aka Cairo Confidential
D: Tarik Saleh / 111m
Cast: Fares Fares, Mari Malek, Yasser Ali Maher, Ahmed Selim, Hania Amar, Mohamed Yousry, Slimane Dazi, Hichem Yacoubi, Ger Duany, Mohamed Sanaaeldin Shafie
January 2011, Cairo. At the city’s Nile Hilton hotel, a man is seen leaving the room of a well-known singer, Lalena. Later, the same chambermaid, Salwa (Malek), who saw the first man leave, hears cries from the same room and another man leave. The singer has been murdered, and the investigation is given to Major Noredin Mostafa (Fares) of the local police. When he looks through her effects, Noredin finds a receipt for some photographs. When he collects them, he finds compromising pictures of the singer with a high profile politician, Hatem Shafiq (Selim). At this point the official verdict is given as suicide, but Noredin confronts Shafiq about his relationship with Lalena. To Noredin’s surprise, instead of arranging his dismissal from the police force, Shafiq uses his position to have the case reopened, and he asks Noredin to continue his investigation. But while a suspect is soon revealed – a club owner called Nagy (Yacoubi) with a profitable sideline in blackmail – what seems like an open and shut case soon becomes something much more insidious, and much more dangerous…
Set in the run up to the Egyptian Revolution of Dignity that began on 25 January 2011, The Nile Hilton Incident is a tense, riveting thriller that also uses the murder of Lebanese Arab singer Suzanne Tamim in Dubai in 2008 as the basis for its main storyline. It paints the Egyptian capital as a hotbed of political avarice and corruption, with bribery, torture, intimidation and murder as commonplace occurrences – and that’s just the police. Once Noredin takes on the case, it’s expected that he will tow the official line as instructed by his boss (and uncle) Kammal (Maher). But though he’ll steal cash from a murder victim, and accepts how important bribery is in keeping the status quo, Noredin is straightforward in his sense of justice: murder is untenable. With Shafiq backing him, he finds himself at odds with his own department, and in time, with the State Security services. And that’s without the added problem of an unexpected relationship with Lalena’s friend, Gina (Amar), who works for Nagy. As he learns more and more, he also finds that he can’t trust what he knows, or anyone around him. And when Salwa is targeted, Noredin has no choice but to keep her alive to ensure justice is served.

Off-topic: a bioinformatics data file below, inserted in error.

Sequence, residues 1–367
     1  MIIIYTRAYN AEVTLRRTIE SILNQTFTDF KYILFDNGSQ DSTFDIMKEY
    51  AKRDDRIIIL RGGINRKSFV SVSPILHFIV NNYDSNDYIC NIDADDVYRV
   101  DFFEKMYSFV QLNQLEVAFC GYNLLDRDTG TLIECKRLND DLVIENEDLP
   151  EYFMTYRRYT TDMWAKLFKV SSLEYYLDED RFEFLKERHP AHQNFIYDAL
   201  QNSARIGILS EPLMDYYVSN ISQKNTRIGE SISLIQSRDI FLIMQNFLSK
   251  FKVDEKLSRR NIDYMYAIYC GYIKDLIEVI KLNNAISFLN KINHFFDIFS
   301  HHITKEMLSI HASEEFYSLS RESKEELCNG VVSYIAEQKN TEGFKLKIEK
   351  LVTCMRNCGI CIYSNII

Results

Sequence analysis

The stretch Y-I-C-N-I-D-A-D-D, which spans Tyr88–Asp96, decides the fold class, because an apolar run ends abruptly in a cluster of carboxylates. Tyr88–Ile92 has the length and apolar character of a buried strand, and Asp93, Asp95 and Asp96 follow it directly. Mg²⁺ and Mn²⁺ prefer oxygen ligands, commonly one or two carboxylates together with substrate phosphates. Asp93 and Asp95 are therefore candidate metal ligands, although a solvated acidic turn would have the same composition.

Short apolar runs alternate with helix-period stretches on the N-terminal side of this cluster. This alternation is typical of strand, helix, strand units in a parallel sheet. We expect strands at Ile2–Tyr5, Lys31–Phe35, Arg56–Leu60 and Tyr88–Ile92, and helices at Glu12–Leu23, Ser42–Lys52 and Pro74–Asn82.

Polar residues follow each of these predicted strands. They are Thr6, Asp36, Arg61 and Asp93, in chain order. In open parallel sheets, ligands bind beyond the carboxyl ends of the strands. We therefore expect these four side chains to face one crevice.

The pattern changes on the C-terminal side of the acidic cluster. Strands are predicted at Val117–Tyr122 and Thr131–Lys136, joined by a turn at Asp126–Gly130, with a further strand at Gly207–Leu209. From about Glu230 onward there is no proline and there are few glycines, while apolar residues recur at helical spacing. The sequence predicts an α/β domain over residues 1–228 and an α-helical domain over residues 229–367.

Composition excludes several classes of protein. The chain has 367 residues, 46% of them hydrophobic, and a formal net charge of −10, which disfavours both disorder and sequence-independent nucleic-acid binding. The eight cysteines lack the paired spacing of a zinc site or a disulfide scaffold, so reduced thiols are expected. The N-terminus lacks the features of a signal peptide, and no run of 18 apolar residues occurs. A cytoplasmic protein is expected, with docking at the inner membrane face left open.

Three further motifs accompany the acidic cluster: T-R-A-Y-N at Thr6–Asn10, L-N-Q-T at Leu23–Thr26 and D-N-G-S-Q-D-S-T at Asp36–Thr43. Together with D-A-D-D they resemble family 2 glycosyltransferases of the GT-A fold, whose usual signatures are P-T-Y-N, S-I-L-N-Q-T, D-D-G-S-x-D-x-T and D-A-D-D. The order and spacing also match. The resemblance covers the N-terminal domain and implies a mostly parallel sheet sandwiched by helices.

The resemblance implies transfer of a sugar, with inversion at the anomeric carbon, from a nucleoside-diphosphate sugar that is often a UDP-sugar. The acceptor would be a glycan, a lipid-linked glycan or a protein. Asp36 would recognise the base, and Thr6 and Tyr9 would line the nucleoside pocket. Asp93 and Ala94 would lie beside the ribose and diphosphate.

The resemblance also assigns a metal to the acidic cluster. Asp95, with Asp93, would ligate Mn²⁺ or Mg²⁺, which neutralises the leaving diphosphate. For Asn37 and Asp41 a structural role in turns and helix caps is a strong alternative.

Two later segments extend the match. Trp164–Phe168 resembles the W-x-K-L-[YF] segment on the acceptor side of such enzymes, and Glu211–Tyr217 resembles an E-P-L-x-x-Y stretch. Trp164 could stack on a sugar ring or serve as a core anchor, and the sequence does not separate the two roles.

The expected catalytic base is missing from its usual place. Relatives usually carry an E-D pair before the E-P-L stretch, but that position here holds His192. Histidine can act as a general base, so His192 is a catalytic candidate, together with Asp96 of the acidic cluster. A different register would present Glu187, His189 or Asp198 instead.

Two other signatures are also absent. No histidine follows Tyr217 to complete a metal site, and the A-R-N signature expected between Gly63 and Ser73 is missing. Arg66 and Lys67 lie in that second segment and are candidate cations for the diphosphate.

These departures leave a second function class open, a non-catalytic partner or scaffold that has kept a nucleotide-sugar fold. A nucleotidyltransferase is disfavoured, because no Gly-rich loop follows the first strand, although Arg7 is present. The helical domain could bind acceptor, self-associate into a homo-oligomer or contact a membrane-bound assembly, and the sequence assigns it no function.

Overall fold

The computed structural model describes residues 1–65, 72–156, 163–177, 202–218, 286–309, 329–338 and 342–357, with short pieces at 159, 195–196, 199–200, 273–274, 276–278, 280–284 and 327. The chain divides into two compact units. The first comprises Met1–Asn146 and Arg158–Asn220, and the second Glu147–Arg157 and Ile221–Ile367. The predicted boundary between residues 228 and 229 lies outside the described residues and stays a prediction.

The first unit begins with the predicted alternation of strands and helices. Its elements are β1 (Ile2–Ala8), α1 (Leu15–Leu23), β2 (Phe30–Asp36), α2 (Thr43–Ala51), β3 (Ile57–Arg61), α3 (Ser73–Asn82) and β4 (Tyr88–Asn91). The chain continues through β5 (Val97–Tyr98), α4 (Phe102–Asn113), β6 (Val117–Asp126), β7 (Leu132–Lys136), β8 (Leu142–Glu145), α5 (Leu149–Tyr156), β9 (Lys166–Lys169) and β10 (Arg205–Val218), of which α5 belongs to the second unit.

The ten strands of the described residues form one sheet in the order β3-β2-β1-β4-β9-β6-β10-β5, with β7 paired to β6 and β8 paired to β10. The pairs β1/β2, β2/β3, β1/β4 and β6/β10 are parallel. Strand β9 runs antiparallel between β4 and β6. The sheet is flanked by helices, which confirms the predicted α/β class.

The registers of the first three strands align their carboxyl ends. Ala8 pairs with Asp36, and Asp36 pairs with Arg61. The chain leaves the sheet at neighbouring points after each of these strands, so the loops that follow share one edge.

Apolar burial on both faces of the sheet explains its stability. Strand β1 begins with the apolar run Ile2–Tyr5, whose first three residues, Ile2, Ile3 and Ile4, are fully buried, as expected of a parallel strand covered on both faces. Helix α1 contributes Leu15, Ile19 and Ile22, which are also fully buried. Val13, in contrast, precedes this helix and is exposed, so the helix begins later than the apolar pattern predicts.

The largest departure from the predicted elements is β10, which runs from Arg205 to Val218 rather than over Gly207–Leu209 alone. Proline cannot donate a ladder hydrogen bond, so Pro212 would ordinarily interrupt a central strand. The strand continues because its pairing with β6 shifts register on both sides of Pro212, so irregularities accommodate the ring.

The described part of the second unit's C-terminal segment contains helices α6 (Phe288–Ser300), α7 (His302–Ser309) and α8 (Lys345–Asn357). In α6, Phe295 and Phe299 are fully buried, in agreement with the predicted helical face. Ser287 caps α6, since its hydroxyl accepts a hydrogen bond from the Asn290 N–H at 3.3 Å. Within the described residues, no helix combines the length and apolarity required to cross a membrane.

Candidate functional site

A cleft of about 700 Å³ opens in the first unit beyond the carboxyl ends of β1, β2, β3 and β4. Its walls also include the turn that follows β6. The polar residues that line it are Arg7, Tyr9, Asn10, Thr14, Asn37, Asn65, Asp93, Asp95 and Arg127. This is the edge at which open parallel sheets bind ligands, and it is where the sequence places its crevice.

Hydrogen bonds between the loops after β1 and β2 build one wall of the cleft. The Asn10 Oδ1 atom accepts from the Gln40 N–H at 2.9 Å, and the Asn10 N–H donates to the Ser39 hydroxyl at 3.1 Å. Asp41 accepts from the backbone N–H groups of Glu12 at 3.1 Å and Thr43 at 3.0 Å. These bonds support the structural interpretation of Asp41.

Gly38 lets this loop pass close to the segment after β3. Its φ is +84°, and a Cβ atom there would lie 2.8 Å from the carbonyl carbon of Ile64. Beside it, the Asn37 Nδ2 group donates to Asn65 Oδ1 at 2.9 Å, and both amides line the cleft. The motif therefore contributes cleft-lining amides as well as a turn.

A tremendously atmospheric and moody thriller, with a terrific central performance from the ever-reliable Fares, the movie uses its political and procedural backdrop to great effect, and with the impending revolution brewing in the background, has an immediacy that draws in the viewer and maintains its grip from start to finish. Saleh, directing his own script, keeps things tightly focused every step of the way, even if the reason for Lalena’s death remains a mystery right until the end, and the motivation for Shafiq’s hiring Noredin is unnecessarily oblique. These niggling issues aside, the movie shifts and turns relentlessly, throwing Noredin and the viewer off track with smooth regularity, and in doing so, it keeps the depths of its corruption angle suitably obscured. Throughout, Saleh highlights the economic divide between Cairo’s elite and its less better off denizens, and foreshadows the revolution with judicious use of contemporary footage and casual remarks made by the characters. Alongside Fares there are good performances from Malek and Amar, and Pierre Aïm’s gritty cinematography adds to the compelling sense of a time and a place when the political and social norms were on the verge of being swept away forever.
Rating: 8/10 – a powerful and arresting thriller, The Nile Hilton Incident is intelligent and provocative, and coercive in its depiction of the events happening in Cairo at the time; rarely has the gradual exposure of a society’s seedy underbelly been this persuasive, or portrayed so vividly and matter-of-factly.